Tactical differences

The tragic crash of the Russian airliner in Egypt, and the awful loss of life, has featured around the world on every TV news bulletin and newspaper headline. Over the past two days, it has become clear that the plane was destroyed by a bomb, probably placed inside the luggage compartment. The motive is obvious. Russia has become involved in the war in Syria, bombing insurgent targets, and if western sources are to be believed, other internal enemies of Assad. Much has been made of lax security at Sharm-el-Sheikh, which is a relatively small airport, used primarily for the tourist trade to and from the Red Sea resort. Claims and counter-claims by different terrorist groups have clouded the issue further, but whoever was responsible, it was undoubtedly easy enough to arrange, and for their purposes, it worked in a spectacular fashion.

At the same time, various allied air forces, army advisers, and domestic combat troops, continued their fight against ISIS in Syria. ‘Precision’ bombing proved to be anything but precise. Children were killed, hospitals destroyed, and parts of the large cities in that country reduced to rubble. The Russians had joined in with this campaign, choosing their own targets, and also claiming success against militant groups. The truth is that we will never really know whether or not any of the actions, by any country concerned, has had any positive effect. Looking at the evidence we can actually confirm, ISIS continues its activities, seemingly untroubled by the bombings, or ground action. Claims to have killed prominent leaders are pointless, as leaders are easily replaced. As well as the cost in lives, the financial costs of this war are staggering. And we can now add the long-term cost of supporting the tens of thousands of refugees fleeing the region, hoping to escape the war by settling in the west.

Contrast this with the action involved in destroying the Russian aircraft. A small group, perhaps three or four determined people, using cheap or readily-available explosives. They place them in some baggage, and the plane departs for Russia, happy holidaymakers returning home to the start of a Russian winter. A short time later, the explosion kills 224 people, including the crew, and many small children. For any normal person, that in itself is horrifying enough. But there are other agendas involved, and far wider repercussions. This event was just a tactic, and though a terrible tactic, it was ingenious, though we don’t like to admit it. All the western and Russian efforts over the past weeks have probably killed less insurgents than the number of people who died on that aircraft. It has probably cost billions of dollars, alienated many neutral countries, and brought into question what is going on in Syria. And we can only imagine Russia’s revenge to come.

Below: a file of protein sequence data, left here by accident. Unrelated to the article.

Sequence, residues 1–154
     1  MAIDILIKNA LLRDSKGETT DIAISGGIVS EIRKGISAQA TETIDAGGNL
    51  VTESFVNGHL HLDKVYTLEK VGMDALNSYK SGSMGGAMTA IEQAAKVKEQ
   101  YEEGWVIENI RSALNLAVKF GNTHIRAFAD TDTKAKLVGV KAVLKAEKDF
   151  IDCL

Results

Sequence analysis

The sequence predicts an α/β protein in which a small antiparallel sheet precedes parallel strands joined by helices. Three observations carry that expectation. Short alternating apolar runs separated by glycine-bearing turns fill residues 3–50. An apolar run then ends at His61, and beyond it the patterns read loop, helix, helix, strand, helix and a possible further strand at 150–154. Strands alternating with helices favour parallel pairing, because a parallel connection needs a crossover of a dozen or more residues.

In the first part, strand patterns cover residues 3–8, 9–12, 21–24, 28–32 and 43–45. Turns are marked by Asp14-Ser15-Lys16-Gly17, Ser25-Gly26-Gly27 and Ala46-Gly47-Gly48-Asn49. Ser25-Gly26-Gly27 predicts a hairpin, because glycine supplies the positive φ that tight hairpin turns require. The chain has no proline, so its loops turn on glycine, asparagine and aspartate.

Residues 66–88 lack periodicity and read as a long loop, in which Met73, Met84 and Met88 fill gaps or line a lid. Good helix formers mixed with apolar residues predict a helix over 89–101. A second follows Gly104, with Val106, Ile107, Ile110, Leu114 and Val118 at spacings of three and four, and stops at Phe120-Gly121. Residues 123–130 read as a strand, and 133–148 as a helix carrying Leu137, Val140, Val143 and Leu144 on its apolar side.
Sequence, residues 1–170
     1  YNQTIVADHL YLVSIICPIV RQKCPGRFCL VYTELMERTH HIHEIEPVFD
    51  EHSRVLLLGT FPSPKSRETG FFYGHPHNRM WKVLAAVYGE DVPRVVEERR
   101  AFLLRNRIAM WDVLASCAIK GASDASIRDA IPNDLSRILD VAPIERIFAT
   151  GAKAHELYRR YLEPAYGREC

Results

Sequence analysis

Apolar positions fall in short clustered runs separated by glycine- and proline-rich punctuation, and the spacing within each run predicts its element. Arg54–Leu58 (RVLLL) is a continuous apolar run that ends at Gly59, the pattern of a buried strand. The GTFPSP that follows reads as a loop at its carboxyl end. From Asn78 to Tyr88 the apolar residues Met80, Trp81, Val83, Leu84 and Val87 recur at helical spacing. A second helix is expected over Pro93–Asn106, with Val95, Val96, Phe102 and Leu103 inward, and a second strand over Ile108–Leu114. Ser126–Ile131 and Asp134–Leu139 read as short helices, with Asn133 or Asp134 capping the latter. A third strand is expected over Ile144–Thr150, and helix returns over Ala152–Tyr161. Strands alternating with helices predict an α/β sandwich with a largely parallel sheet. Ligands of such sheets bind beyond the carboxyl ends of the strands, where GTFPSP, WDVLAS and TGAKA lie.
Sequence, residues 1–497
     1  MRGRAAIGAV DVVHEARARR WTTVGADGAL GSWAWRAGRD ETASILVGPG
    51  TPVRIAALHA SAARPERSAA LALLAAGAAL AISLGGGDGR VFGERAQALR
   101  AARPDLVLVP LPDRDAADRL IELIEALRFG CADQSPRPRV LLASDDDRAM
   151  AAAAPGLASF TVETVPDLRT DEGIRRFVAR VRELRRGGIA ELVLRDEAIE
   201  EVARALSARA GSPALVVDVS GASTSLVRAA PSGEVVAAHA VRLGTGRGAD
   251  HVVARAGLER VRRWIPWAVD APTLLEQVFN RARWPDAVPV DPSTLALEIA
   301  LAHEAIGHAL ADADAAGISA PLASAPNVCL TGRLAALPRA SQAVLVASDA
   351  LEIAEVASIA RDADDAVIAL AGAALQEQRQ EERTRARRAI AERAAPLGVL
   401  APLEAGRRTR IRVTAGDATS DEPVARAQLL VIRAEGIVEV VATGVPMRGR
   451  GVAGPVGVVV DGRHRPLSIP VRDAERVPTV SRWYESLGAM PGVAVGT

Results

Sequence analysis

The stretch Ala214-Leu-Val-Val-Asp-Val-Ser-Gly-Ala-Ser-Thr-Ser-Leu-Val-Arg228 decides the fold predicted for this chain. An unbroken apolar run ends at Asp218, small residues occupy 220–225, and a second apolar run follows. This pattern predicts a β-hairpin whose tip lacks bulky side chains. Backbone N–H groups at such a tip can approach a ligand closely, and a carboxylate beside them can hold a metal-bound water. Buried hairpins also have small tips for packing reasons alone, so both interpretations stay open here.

The bombers in Egypt have achieved more in one morning, than all the resources of the western nations and Russia combined. In attacking the tourist industry in Egypt, they not only sent a message to Russia about their involvement, they also damaged the economy of a country that relies on tourism for most of its wealth. They affected western tour companies, hotel chains, and everything associated with the leisure economy in many countries, not just Egypt. If they succeed in eventually undermining the stability of Egypt, that country might be ripe for inclusion in the tide of Muslim fundamentalism that is sweeping parts of the world. The uncomfortable truth, is that the ‘terrorists’ or ‘freedom fighters’, and whatever other groups are called, or call themselves actually know what they are doing. The countries facing them rely on remotely-operated drones, hugely expensive missiles and aircraft, and supporting local armed forces that have shown themselves to be unwilling or incapable of success against ISIS, and similar organisations.

Years of war, sides changing, friends becoming enemies, untold billions of dollars, and countless lives lost. Technology used to fight an ancient war, and a reluctance to commit the lives of soldiers on the ground. Compare that with a few committed individuals, one bomb in a suitcase, and the subsequent effect.

I think we can conclude who is going to win.

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2 comments

  1. Eddy Winko

    The world has gone mad and there are so many hidden agendas nobody knows what they are fighting about anymore.
    I surprise myself in thinking that this could be the beginning of the end, but then maybe I should stop listening to Roger Waters!
    ‘The rusty wire that holds the cork that keeps the anger in, gives way, and suddenly it’s day again’
    Maybe I should have a beer 🙂

    Like

    • beetleypete

      Go for the beer mate, I’m having red wine. We have been close to the end before, and this is just another one of those occasions, hopefully!
      Pink Floyd will do your brain in. Play some Motown instead…

      Like

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